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What is ABA therapy for autism?

Before proceeding to treatment, many caregivers want to know: what is ABA therapy for autism? ABA (Applied Behavior Analysis) is a science-backed, intensive approach to improving social behavior among children with autism. It’s the most common therapy for autism in the United States, and its main goals are to develop new skills, refine learned skills, and reduce problem behaviors.

Through ABA therapy, children learn which behaviors are appropriate for which situation by breaking down desirable behaviors into steps. Children are rewarded as they complete each step.

At Therapeutic Pathways, our Board Certified clinical staff develop specific, achievable goals for each child. Our registered behavior technicians work directly with each child, helping them meet their individualized goals. Before therapy begins, we meet with each child’s parents to discuss a treatment plan based on their child’s strengths, weaknesses, and challenges.

Because every child with autism has different interests and abilities, we tailor individual goals to appropriately challenge the child without making him or her feel discouraged. Some of the skills that we help children develop through ABA therapy for autism include:

  • Social skills
  • Communication and conversing
  • Motor skills
  • Self-help skills (personal hygiene, etc.)
  • Daily living skills (money management, punctuality, etc.)
  • Pre-academic skills

History of ABA

The practice of ABA therapy originated in the 1960s. Researchers and behavior analysts at the University of Kansas performed studies on how behavior principles could be applied to help neurotypical children and individuals with autism improve their social skills. This work was expanded at UCLA to long-term studies with larger groups of children with autism and across a broader range of skills. Behavioral principles of reward and consequences are based on previous decades of intensive research.

These researchers were not concerned with what caused symptoms of autism or why children with autism acted the way they did. Instead, they focused on how behavior could be objectively measured and changed using a scientific method.

That is, these scientists directly observed behavior, then measured and manipulated the environment to decrease inappropriate or dangerous behavior and increase appropriate and functional behavior in children with autism.

Modern ABA therapy builds upon the principles that were discovered decades ago. This field is now expanding beyond observable behavior (eye contact, social interaction, etc.) to include thoughts and emotions. Of course, as the field expands, intensive research continues to pinpoint the most effective procedures and practices. No method is introduced without years of research and development. At Therapeutic Pathways, we only use science-backed, research-driven techniques.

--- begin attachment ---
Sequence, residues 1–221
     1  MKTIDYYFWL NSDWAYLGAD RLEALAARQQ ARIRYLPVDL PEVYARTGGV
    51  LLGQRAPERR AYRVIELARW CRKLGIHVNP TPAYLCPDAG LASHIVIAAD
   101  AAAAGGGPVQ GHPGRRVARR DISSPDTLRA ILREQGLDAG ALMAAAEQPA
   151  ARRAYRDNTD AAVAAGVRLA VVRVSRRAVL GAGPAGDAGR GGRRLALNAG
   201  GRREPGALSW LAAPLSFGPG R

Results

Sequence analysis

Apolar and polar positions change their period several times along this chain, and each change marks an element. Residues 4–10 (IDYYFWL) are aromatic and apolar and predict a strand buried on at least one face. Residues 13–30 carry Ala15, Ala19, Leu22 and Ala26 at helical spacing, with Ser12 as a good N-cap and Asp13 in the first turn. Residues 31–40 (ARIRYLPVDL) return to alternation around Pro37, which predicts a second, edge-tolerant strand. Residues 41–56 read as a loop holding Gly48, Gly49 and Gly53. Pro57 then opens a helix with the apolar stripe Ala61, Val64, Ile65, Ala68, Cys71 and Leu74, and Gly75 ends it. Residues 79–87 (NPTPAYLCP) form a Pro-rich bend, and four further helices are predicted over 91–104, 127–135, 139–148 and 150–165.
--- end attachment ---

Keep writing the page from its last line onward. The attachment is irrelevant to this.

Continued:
How ABA Works

Because ABA sessions are individualized for each child, the following may not describe the exact same treatment plan your child receives. At Therapeutic Pathways, our therapy is rooted in applied behavior analysis with a focus on making sessions enjoyable for each child.

Our sessions help children anticipate and respond to any number of situations outside the therapeutic setting. Most ABA therapy sessions involve two types of training. These are called Discrete Trial Training (DTT) and Natural Environment Training (NET).

Discrete Trial Training (DTT)

DTT is a method of teaching that starts with an instruction presented to the child by the therapist.  Following this instruction, the child engages in the correct behavior or is assisted by the therapist to engage in the behavior.  During the initial teaching, the child may be rewarded for correct behavior assisted by his or her therapist.  As learning progresses, the child is rewarded for independently engaging in the instructed behavior.

DTT often includes the process of breaking a task down into separate steps called a “task analysis.” For example, if your child has difficulty writing letters, one of our Board Certified clinicians will break down this difficulty and pinpoint the individual steps that may be causing the problem.

For example, your child may have trouble gripping the pencil correctly. A therapist will teach this step independently and make sure your child has mastered that ability before moving on to the next step of writing the letter.

Natural Environment Training (NET)

NET builds upon the skills learned in DTT. This therapy takes the skills that a child learns in DTT and helps them apply it to real-life situations when they need to interact with others.

For example, suppose that your child is learning the alphabet. A therapist may teach the child the letter “B” and the “bah” sound, and provide reinforcement when the child succeeds in recognizing and saying the letter. The therapist may help the child associate the letter “B” with a favorite toy, such as a ball. This step would be considered DTT.

Then, the therapist may apply the skill more naturally by playing with a ball, asking the child to point to the ball, or practicing the “bah” sound when the therapist shows them the ball.

ABA Therapy for Autism

At Therapeutic Pathways, our priority is to teach your child the skills that will help them lead full, satisfying lives. We do so through the evidence-based practice of applied behavior analysis (ABA) therapy. We work closely with you and your child and collect data from each therapy session to assist with your child’s development.

We use only the most recent, science-backed methods at Therapeutic Pathways, where we have helped thousands of children succeed. For more information, call Therapeutic Pathways at (209) 422-3280.